It will be easier and make more sense if I here relate all Professor Eberhart told me, without my interruptions and requests for clarification. Now I have had time to think about it and put it together in my mind, and so here it is:
My parents were not John and Mary Greenwater, but George and Alice Gardener. They were deeply involved in the war, though very few knew of it. They were part of a group of spies and underground fighters who infiltrated meetings of the Loyalists (which were what those still loyal to Britannia called themselves) by pretending to oppose independence and support continued relations with and rule by Britannia. My mother and father, apparently, were some of the best, having brought down many many Loyalists. (I am unclear if they themselves arrested--or possibly did away with--these Loyalists, or if they merely reported them to the Amerigonian authorities. I do not think I wish to know just now.)
However, about six months before I was born, a traitor among them betrayed the entire group, who called themselves Libertists, and they were forced to go into hiding. Fleeing the attacking forces of the Loyalists, my parents and their friends made haste into the Falls Lake Forest at the base of Foresight Peak. Traveling by night and sleeping by day, taking turns with watches, they went further and further into the forest, until they began to climb the mountain. Fortune favoured them, for one night they found a crevasse not far up the side of the mountain, which widened into a cave large enough to house them all. They numbered about fifty at the time (six having been picked off by the pursuing Loyalists throughout the previous days). However, once they were safe inside the mountain, the Loyalists caught up to them and trapped them within it, laying siege. The Loyalists were kept at a distance by the use of the Libertists' men's rifles, but they knew they could not stay there forever.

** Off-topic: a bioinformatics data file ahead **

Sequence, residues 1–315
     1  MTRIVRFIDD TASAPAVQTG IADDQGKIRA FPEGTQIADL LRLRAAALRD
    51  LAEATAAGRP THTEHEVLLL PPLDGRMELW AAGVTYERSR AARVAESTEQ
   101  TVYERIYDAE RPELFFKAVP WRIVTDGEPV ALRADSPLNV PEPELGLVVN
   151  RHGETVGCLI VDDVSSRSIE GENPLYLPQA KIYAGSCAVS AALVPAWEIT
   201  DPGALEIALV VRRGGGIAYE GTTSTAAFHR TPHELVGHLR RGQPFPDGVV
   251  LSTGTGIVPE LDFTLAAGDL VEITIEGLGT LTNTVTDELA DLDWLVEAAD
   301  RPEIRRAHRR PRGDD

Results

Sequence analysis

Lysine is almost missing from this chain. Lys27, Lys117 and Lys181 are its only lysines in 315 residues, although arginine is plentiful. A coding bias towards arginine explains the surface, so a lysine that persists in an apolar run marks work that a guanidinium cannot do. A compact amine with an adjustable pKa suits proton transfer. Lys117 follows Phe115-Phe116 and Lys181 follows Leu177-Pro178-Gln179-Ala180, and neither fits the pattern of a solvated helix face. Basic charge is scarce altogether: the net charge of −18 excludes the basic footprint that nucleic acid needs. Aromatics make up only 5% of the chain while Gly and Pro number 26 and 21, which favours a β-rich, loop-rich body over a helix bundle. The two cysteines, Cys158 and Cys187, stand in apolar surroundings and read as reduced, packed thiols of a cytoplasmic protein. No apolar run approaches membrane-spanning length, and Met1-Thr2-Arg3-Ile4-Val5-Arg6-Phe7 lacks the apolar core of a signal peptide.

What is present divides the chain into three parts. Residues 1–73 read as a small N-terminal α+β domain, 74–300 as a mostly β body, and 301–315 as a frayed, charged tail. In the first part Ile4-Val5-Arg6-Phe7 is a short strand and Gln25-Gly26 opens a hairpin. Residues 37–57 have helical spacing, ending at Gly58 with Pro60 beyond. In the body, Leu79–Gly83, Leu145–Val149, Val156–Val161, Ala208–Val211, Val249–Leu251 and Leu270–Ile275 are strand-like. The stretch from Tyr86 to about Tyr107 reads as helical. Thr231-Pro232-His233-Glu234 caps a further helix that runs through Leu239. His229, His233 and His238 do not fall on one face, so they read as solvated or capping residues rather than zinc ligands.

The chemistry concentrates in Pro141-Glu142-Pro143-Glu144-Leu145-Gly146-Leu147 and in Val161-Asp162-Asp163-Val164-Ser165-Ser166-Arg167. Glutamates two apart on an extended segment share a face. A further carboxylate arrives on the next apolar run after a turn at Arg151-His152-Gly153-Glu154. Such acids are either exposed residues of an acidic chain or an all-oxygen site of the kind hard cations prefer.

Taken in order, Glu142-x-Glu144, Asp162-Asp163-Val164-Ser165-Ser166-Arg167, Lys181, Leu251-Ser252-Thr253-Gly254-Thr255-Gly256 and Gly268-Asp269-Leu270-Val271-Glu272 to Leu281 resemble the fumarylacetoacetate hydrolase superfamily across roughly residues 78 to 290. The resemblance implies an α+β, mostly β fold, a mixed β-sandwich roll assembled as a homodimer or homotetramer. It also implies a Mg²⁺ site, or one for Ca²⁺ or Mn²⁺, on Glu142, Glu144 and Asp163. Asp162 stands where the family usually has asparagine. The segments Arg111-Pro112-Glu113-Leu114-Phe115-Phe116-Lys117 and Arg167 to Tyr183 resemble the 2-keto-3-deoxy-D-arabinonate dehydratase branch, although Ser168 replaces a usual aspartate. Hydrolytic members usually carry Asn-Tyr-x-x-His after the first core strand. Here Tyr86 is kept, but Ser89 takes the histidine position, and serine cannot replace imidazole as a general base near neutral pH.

Four days they were trapped in that cave, and four days they spent searching the various branches of the cave, more massive than they had first thought, for an alternate way out. If even a few of them could escape, they knew, they could reach friends in the nearby town of Smithsfield who would come to their rescue. But after four days they had run out of food (and unable to hunt or forage for more), and were losing hope. Deep within the cave was a spring, which thankfully provided them with fresh drinking water, but they knew they could not survive much longer without any other sustenance.
But at the source of the spring, deep inside the mountain, lay certain crystals. Sacred Crystals, the likes of which have not been seen for over two centuries. They knew not how they came to be there or who put them there, but when the Libertists realized what they were, they made a pact to Illuminate themselves with the Crystals in order to escape the cave and defeat the Loyalists, and from then on they would hide the Crystals and their Gift unless there was dire need for either or both.
And so the Loyalists were defeated and my parents and their comrades escaped unharmed and went back into the world to win the war, bit by bit, sometimes using their Gifts and sometimes not.
Things are usually darkest before the dawn, as Miss P___ would say, and only months before the war was truly won, my parents were in great danger and fled across the country under assumed names, trying to save themselves and their infant daughter--me. And, said Professor Eberhart, since my mother was with child at the time she took the Illumination into herself, I was born with that same Gift.